Three Monkeys Online

A Curious, Alternative Magazine

Distorted Self-Perception – Nazi Rock and the hobbits

This monkey just managed to get his hands on a copy of NaziRock, the new documentary by film-maker Claudio Lazzaro.

The film takes a look at the neo-nazi scene in Italy, focussing in particular on a number of bands that produce ‘rock identitario’ or ‘identity rock’ the hallmark of which appears to be angry slogans, ham-fisted guitarists, and singers determined to waver out of tune.

The film has effectively been kept out of the cinemas thanks to the legal threats of Forza Nuova, a fringe right-wing party featured heavily in the documentary. Roberto Fiore, leader of Forza Nuova, has recently been shunted into the European Parliament, whose members had this to say about him. In many countries a bit of controversy like this would have a film distributor smiling, guaranteed extra seat sales through the publicity generated. Discretion, though, is perhaps understandable, given that the film-maker is probably not on the list of this current government’s favourite directors – amongst his films is an expose on the Lega Nord Camice Verde (Greenshirts).

Similar to Marco Travaglio’s recent run-in with the state broadcaster, the interesting thing is that Nazi Rock is legally available despite the threats, just not in the cinema.

Fiore, and the ideology of Forza Nuova are well worth discussing, but at a later date. What struck me most about NaziRock was primarily the absurdity of the identity at the heart of this ‘identity rock’.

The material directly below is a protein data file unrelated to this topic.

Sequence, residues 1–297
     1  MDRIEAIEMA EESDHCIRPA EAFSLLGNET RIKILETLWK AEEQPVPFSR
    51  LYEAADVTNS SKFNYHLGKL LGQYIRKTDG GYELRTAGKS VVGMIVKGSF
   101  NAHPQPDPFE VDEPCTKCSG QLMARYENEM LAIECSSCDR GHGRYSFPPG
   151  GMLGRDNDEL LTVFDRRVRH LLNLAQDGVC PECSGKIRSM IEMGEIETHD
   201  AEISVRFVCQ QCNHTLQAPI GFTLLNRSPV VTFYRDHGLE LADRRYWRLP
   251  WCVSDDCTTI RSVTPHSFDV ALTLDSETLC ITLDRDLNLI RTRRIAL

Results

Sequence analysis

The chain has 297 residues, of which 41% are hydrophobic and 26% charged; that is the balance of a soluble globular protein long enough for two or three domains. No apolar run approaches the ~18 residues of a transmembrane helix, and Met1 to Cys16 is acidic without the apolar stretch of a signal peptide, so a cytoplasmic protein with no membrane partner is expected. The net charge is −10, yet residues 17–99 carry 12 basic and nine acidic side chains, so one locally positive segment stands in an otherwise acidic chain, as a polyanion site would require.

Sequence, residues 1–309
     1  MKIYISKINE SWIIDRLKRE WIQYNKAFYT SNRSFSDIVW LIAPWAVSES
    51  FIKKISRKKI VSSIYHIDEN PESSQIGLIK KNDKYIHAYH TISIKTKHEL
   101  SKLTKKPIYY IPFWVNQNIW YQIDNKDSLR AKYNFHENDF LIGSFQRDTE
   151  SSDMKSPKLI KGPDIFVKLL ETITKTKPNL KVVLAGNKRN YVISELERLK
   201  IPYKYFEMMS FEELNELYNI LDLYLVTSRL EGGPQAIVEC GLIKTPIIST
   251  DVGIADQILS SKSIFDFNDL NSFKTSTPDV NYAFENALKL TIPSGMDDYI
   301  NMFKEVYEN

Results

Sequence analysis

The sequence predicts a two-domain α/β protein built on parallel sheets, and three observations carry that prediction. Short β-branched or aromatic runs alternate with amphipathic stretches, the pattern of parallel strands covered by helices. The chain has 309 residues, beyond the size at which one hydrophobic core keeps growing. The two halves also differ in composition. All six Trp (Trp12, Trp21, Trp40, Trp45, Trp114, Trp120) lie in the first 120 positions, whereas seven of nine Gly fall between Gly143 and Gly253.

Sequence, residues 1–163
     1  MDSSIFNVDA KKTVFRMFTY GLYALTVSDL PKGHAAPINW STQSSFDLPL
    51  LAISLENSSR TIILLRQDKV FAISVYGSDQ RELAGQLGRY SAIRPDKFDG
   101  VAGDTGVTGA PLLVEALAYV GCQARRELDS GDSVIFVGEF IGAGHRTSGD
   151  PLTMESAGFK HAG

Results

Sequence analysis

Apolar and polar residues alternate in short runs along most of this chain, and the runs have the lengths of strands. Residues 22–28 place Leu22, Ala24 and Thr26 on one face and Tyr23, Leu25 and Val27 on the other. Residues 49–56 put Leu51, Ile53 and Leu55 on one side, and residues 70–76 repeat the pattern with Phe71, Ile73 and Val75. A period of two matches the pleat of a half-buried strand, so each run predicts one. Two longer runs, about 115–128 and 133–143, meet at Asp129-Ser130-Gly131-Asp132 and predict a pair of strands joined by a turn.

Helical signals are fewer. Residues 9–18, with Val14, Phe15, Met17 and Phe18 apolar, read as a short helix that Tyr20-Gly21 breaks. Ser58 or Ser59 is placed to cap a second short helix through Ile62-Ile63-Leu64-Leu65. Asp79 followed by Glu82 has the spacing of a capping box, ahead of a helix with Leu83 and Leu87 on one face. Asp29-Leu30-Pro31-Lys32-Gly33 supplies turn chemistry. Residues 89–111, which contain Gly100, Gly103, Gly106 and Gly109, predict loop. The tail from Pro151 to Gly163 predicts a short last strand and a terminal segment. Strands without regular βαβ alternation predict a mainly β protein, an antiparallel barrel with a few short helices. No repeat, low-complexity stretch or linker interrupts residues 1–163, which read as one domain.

Go to and do a search for Hobbit, and rather than finding Tolkien’s buccolic flat-footed dwarves, you’ll find the #1 result is for a band from Peruggia singing songs like ‘Ragazzo dell’Europa’ (Boy from Europe) and ‘Cuore Nero’ (black heart – Mussolini’s fascists were the blackshirts). Instead of Bilbo Baggins, you’ll get anti-immigration neo-fascists.

It says it all though, doesn’t it? One of the most popular Italian groups tied to an ideology that dictates racial purity and the defence of local culture can find no more apt name for themselves than that of a fictitious (and comic) race created by an English writer. Whilst they whinge about globalisation, they take their name from a global brand.

The fascist obsession with race was always a strange one, but it takes on another comic turn when the self-image you project is not that of a roman legionary or a blonde-haired stormtrooper, but that of a hairy-footed dwarf.

Like the Italian skinheads that talk about preserving Italian culture whilst dressed in regulation skinhead shirt – a Ben Sherman one from England.

What they don’t seem to realise is how close they are, for their Northern European racist ‘kamerate’, to the North African immigrants they seek to expel from society.

NaziRock is an important film that should be seen in Italy, and throughout Europe. The ideology it examines, though, is pure spinal tap.